11B progress [Photos by Dave]

Jonathan, Martin, Roger and Andrew spent the day rodding the roadside bores of cross drain 36A at Manor Lane, Gotherington. Using the new sturdy black drain rods with a variety of attachments we were able to get the rods completely through the main bore; and some way into the upstream bore which starts at the roadside gulley near the field gate (down side high mileage). A significant amount of silt was removed - the main bore now seems to be free of significant obstructions.

Wildlife report from Manor Lane: Water vole (or maybe a shrew), grass snake, honey bees, felis catus. Blackberries ripening.

Friday 28 June 2024

Digging deep

The team’s main task over the next few weeks is building a new structure for the inlet of cross drain 11B near Gallery Farm crossing at Stanton. As is often the case, the preparatory work revealed the task will be a little more complex than when initially planned.

Wednesday 19th June and Thursday 20th June

Three team members paid visits to the RAIL Live trade show at Long Marston. There were lots of interesting items, a few of which are relevant to drainage. New companies we made contact with were:
Demco (Marton Geotechnical Services Ltd) - make add-ons to GRP catchpit rings from Cubis which enable easier pipe connections; also make solid pipes with integrated sealing rings and tough solid pipes which can be placed as little as 300mm below running lines.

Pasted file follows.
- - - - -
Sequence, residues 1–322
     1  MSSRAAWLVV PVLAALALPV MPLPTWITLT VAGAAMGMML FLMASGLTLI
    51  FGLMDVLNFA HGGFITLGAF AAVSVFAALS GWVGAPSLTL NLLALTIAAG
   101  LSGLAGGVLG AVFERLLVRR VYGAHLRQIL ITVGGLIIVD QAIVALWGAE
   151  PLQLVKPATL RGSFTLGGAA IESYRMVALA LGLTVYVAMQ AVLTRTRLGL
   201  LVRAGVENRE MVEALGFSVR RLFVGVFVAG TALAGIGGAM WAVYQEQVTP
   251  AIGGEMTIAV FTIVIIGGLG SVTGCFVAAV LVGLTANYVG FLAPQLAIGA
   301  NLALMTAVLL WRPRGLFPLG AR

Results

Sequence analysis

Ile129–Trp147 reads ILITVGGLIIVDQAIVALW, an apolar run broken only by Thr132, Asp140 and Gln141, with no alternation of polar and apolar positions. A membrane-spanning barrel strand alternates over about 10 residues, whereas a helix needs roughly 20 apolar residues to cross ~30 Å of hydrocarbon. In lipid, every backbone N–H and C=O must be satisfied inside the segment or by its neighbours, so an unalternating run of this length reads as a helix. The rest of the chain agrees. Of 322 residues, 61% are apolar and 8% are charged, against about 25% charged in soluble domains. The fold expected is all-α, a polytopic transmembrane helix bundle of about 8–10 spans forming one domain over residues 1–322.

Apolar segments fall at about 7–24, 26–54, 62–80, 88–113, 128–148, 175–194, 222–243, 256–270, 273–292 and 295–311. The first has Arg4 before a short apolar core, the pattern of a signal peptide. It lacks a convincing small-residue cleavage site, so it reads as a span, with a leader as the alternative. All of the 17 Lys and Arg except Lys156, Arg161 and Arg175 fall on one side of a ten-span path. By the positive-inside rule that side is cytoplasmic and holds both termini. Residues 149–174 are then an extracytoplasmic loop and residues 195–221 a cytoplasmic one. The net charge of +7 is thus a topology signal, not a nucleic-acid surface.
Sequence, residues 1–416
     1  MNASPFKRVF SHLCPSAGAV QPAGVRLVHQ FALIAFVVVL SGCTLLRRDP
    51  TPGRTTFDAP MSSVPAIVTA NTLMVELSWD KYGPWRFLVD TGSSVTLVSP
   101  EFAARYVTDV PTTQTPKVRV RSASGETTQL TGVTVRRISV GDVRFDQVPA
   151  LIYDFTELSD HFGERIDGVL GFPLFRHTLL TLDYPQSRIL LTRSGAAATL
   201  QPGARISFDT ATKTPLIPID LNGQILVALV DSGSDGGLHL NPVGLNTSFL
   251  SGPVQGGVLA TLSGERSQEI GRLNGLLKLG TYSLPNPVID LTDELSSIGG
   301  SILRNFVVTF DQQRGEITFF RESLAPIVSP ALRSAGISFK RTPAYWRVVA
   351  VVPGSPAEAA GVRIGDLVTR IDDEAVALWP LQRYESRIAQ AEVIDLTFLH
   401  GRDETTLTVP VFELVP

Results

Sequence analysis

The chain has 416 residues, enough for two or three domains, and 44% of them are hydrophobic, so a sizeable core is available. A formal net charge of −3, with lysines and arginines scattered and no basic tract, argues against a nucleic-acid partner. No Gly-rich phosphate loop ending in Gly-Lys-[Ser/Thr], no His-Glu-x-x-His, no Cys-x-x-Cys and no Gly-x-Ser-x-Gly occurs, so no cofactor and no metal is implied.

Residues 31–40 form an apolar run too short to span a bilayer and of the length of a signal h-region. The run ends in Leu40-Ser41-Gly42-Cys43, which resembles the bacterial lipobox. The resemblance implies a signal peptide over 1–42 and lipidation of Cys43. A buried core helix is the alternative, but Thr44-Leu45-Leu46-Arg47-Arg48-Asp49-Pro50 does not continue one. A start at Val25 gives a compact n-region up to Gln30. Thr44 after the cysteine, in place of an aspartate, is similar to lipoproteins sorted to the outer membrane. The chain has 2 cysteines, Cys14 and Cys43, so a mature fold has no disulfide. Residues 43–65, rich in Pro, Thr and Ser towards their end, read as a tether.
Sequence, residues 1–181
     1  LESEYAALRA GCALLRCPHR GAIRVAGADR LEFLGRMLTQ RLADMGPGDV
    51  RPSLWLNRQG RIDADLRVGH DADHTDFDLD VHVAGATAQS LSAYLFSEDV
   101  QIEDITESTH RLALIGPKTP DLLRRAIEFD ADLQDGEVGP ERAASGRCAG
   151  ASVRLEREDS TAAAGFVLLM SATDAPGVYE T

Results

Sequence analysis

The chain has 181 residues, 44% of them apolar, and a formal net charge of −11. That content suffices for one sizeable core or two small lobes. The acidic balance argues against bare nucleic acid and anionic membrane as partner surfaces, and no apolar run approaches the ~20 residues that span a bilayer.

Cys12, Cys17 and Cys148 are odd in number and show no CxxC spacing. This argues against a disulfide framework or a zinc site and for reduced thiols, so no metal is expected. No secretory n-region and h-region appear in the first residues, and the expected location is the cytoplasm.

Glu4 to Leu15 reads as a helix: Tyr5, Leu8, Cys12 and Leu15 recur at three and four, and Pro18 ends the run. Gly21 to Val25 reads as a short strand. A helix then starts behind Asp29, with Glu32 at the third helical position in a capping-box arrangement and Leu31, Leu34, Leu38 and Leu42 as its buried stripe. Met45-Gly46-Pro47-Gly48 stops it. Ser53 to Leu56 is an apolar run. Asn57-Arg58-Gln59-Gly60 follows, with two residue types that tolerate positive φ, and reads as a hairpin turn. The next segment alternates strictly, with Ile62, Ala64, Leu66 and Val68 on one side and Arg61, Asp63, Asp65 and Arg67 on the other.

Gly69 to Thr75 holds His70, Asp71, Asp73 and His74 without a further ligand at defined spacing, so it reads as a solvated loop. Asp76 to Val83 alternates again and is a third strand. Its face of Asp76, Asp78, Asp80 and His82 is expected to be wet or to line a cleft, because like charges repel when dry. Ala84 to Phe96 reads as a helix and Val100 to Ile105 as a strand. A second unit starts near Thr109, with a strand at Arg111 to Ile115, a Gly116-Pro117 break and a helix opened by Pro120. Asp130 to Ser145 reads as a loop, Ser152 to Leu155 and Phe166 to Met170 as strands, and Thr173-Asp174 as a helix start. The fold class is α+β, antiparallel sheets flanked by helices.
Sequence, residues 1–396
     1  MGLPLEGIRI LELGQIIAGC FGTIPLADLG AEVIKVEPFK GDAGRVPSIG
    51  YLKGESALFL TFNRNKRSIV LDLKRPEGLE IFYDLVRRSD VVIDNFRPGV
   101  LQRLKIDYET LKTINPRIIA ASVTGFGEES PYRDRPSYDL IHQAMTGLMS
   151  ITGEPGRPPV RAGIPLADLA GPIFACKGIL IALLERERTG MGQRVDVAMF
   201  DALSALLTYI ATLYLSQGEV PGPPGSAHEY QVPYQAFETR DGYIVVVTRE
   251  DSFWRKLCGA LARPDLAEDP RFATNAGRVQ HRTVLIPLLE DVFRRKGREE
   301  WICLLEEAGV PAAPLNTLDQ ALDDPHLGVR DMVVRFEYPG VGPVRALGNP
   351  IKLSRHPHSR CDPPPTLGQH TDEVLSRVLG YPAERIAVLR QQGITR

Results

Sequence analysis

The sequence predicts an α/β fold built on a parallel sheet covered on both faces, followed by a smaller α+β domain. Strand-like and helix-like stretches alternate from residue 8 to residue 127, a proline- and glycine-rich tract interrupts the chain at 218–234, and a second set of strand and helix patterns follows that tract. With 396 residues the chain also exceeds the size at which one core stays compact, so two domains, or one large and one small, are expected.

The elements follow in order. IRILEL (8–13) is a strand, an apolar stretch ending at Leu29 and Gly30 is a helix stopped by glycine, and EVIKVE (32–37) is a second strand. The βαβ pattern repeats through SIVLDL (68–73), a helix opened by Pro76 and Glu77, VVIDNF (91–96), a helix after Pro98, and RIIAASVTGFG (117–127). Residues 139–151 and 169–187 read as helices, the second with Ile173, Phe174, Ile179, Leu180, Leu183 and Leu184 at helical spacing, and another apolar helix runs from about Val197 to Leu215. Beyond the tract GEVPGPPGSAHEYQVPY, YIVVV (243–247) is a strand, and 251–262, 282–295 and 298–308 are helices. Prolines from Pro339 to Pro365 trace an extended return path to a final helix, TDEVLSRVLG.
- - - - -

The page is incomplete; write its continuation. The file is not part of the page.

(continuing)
Geveko Markings - adhesive material for ground and structure markings; potentially a better way to attach identification numbers to structures and marker posts. We have got a small sample to try.
On-line On-track / Super-Rod - have ro-rail jet blasting machines and offer other culvert clearing services

A road/rail jet blasting machine of On-line On-track

Pulsar – a leading manufacture of certified, hi-visibility protective clothing. Founded over 40 years ago manufacturing clothing for deep sea fisherman. A productive piece of persuasive bartering has resulted in the donation of new hi-vis jackets and trousers for all the drainage team members; plus a supply agreement for the rest of the railway on advantageous terms.

93.001, the first tri-mode (25kv electric, battery and diesel) UK locomotive. Maybe a diesel gala visitor in the future?


Thursday 20th June

Five of the team attended on the day of the summer solstice. However, we did not start work at sunrise!

The focus was on preparation for the build of a headwall on the cross drain 11B entry on the down side at Stanton.

Ian and Martin spent most of the day on vegetation clearance - first the remaining part of the down side boundary hedge/fence line from bridge 11 up to 11B. This is now sufficient to enable the dumper and mini-excavator access. They also pruned around the entrance to Stanton yard.

Roger, Dave and Andrew spent the day further excavating the area around the 11B inlet - mainly digging down to enable 100mm of concrete foundation below the bottom of the bore. This revealed that the first length of pipe we had left in the bore last week was actually broken, plus has a bad join to the second section and there was a large void above it. So it came out. This has meant a rethink on the alignment of the new headwall, but does enable a lot more concrete infill between it and the embankment. Even with assistance from Ian and Martin on completion of vegetation clearing, we still have some more spoil to shift next week. Despite the clay probably being the optimum consistency for digging, it was tough going work, especially in the heat of the afternoon.

Access along the boundary hedge/fence from bridge 11.